Brecciation is common throughout the Castile Formation, indicating subsurface dissolution and collapse. Blanket breccias and subsidence troughs are suggestive of confined horizontal flow, while breccia pipes have been formed from upward stoping of subsurface voids. Calcitized evaporites are extensive throughout the region and are frequently associated with zones of brecciation. Deposits of native sulfur have also been observed in association with zones of brecciation, calcitized evaporites, and selenite masses.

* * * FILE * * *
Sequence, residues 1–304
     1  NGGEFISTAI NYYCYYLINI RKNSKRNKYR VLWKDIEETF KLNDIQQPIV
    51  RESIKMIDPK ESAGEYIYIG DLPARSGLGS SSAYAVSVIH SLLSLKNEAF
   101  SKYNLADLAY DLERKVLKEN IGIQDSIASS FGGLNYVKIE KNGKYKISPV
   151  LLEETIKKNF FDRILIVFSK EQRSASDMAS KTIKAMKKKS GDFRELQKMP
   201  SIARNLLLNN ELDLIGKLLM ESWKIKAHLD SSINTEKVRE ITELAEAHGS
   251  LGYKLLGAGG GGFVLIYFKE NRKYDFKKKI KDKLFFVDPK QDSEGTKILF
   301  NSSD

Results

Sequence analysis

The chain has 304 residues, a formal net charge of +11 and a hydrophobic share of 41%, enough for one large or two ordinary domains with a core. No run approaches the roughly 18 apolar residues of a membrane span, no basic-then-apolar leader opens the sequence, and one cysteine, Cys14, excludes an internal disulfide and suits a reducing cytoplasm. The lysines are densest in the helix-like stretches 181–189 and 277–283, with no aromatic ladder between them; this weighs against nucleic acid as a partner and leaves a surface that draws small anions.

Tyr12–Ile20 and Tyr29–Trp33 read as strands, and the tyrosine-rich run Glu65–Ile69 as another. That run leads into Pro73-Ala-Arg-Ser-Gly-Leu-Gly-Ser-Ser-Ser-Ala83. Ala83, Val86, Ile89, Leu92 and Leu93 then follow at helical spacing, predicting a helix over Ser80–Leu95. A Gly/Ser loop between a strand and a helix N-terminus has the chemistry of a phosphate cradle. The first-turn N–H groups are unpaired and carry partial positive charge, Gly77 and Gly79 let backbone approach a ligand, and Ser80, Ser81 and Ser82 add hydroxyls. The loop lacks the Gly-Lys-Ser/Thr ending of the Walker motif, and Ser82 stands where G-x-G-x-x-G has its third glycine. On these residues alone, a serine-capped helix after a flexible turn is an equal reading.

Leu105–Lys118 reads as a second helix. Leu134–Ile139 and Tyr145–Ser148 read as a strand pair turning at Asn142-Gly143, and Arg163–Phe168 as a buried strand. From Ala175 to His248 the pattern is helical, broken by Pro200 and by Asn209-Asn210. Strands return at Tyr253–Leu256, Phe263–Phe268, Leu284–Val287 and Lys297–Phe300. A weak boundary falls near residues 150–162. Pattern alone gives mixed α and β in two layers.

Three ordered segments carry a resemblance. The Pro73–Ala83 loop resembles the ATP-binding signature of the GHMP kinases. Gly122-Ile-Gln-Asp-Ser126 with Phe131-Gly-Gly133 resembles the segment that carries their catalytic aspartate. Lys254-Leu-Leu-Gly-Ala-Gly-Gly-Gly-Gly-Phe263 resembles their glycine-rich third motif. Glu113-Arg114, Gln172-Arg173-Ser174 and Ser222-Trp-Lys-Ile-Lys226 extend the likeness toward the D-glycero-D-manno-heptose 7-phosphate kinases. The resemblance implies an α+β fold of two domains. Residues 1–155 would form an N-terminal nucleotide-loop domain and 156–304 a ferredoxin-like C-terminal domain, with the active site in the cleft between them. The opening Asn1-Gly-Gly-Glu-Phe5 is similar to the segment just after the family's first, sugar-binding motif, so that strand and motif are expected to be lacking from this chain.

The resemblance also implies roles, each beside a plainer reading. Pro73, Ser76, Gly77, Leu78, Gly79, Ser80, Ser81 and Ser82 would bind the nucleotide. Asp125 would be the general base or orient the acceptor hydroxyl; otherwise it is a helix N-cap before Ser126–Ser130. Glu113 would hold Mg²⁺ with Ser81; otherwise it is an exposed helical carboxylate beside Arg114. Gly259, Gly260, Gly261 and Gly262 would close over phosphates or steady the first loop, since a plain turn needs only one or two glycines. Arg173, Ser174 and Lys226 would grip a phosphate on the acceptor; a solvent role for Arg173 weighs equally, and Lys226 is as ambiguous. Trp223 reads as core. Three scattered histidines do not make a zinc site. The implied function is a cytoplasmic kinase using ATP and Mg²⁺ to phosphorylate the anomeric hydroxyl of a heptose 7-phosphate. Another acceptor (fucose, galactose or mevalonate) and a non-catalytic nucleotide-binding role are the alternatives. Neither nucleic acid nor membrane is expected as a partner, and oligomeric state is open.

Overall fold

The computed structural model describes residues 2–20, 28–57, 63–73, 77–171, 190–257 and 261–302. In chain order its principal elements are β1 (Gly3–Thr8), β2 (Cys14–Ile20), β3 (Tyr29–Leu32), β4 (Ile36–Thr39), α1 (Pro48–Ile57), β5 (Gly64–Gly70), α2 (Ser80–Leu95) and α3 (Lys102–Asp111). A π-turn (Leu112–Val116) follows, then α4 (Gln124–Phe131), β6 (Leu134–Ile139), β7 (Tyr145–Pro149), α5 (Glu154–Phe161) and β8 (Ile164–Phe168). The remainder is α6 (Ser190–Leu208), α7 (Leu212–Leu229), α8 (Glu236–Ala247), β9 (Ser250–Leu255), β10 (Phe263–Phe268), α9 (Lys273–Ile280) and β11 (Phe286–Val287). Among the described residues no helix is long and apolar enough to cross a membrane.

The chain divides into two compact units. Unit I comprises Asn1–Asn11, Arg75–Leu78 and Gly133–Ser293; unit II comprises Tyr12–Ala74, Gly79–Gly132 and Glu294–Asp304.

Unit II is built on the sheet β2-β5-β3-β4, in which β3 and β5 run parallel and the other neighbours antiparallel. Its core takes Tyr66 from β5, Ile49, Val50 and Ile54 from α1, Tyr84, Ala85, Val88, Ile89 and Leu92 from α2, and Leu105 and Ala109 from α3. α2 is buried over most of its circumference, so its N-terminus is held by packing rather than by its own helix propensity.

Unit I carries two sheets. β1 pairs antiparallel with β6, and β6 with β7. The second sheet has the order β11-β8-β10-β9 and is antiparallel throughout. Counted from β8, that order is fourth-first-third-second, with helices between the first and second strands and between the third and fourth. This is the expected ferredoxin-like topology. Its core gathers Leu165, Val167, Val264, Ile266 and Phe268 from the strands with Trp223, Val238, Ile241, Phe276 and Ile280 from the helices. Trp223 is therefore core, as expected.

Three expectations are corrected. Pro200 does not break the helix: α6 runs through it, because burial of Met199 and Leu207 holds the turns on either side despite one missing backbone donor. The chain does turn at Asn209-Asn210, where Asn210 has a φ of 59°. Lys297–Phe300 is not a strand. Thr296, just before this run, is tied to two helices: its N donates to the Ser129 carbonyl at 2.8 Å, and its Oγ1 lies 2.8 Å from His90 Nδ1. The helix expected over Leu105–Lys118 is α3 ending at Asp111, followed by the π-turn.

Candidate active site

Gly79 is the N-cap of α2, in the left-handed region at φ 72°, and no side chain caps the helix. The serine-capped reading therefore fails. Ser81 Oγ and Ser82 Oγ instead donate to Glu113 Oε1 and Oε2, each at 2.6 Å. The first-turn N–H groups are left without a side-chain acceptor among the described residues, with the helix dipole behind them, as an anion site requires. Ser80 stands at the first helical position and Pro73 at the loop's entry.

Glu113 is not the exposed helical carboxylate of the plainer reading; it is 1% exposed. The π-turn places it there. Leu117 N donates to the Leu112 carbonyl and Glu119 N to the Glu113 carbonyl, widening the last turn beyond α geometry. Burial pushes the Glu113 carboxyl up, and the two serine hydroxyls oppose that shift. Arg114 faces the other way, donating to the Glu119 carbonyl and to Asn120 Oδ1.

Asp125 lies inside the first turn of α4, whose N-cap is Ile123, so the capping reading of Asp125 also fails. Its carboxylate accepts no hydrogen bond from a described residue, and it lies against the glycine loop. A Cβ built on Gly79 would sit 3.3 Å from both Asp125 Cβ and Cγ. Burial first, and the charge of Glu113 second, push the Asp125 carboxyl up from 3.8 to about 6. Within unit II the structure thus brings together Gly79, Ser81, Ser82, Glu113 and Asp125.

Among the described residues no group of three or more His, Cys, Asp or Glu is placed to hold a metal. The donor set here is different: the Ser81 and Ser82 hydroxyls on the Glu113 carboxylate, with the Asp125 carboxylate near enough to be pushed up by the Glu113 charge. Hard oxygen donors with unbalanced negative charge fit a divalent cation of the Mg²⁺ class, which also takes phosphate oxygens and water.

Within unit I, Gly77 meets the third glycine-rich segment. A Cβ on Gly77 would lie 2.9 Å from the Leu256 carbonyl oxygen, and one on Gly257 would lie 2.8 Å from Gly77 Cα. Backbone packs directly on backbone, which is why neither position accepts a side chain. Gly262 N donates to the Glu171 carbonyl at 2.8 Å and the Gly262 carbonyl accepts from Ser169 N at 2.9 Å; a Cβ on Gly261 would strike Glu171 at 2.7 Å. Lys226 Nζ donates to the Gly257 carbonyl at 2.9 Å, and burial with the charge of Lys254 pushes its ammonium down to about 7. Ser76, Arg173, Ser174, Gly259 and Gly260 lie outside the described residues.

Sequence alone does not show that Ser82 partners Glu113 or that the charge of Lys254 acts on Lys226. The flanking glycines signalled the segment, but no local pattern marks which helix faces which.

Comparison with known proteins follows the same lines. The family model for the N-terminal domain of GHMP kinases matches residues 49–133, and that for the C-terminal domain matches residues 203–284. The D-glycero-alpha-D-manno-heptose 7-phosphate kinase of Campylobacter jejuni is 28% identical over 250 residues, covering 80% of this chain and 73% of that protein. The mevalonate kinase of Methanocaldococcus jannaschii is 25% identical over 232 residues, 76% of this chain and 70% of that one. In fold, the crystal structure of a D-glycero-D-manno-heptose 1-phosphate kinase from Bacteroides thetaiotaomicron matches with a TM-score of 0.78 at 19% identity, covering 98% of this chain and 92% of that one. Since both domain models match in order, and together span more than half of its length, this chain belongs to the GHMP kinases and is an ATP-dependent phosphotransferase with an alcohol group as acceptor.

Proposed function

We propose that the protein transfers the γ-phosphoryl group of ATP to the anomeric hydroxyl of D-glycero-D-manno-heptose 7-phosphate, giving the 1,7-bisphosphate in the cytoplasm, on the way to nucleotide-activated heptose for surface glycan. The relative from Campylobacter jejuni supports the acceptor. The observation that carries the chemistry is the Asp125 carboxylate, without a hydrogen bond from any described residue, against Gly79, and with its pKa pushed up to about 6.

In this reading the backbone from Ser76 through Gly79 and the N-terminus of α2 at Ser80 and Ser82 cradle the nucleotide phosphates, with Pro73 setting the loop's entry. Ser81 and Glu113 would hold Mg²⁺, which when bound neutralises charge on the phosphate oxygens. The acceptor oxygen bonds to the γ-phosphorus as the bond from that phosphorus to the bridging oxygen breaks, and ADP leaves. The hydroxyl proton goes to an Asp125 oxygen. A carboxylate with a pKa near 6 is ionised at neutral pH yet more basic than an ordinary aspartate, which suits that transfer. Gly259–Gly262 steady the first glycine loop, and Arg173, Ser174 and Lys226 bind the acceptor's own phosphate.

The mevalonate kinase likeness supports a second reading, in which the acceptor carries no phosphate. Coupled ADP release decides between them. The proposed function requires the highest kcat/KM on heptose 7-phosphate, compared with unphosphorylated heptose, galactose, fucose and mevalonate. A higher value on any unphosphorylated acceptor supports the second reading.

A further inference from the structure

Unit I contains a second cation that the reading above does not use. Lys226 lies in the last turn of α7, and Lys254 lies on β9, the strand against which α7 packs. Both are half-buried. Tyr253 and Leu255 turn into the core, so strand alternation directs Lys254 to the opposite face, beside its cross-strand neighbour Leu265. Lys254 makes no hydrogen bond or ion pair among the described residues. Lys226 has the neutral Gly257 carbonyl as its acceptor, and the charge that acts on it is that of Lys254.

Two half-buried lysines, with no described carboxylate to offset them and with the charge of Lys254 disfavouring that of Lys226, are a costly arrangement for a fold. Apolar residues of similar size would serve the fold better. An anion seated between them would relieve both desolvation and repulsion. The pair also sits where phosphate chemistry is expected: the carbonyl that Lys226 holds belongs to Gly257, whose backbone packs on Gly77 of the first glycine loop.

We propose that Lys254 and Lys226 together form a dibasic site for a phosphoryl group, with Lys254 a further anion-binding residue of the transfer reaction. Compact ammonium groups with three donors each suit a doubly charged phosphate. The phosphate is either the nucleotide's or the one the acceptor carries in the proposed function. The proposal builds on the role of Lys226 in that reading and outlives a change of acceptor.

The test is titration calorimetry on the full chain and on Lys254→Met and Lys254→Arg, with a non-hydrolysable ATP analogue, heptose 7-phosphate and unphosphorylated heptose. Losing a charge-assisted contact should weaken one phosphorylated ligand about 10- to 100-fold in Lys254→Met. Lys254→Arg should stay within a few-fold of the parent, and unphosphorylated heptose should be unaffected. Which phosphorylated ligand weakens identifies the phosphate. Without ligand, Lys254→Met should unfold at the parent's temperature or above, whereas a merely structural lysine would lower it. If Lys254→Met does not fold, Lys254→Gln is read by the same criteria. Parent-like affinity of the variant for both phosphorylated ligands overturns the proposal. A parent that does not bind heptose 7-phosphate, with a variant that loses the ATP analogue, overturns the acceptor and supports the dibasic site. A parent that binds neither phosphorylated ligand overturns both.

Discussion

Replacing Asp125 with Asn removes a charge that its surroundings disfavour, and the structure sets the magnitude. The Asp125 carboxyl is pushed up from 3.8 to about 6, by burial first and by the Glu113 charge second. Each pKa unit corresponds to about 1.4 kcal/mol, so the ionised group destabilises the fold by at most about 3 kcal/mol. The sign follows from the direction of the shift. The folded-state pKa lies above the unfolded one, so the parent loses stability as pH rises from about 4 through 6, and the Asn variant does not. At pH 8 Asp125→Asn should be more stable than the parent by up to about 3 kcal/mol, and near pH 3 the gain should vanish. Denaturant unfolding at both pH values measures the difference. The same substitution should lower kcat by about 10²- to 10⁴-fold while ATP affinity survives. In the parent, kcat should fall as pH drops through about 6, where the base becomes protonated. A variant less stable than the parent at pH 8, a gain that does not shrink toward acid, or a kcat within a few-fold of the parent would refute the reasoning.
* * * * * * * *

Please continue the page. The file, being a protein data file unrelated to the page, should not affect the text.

The close proximity of hypogene caves, breccias, native sulfur, selenite masses, and calcitization suggests that hypogene processes have dominated sulfate diagenesis in the Castile Formation. Hypogene processes have provided pathways through which hydrocarbons from the underlying Bell Canyon formation have migrated upward and contributed to the calcitization of the Castile Evaporites. Hydrogen sulfide or native sulfur produced in this process has continued to migrate upward or laterally into oxic regions where selenite has been deposited. Significant overprinting due to surface denudation and epigenic processes has resulted in complex speleogenetic evolution within the Castile Formation.